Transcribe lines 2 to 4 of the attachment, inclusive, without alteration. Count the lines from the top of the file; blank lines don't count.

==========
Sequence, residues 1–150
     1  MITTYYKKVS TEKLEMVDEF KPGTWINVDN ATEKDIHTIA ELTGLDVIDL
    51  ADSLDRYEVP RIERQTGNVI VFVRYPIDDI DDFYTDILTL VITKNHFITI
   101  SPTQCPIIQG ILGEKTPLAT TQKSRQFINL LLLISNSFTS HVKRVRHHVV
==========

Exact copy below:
     1  MITTYYKKVS TEKLEMVDEF KPGTWINVDN ATEKDIHTIA ELTGLDVIDL
    51  ADSLDRYEVP RIERQTGNVI VFVRYPIDDI DDFYTDILTL VITKNHFITI
   101  SPTQCPIIQG ILGEKTPLAT TQKSRQFINL LLLISNSFTS HVKRVRHHVV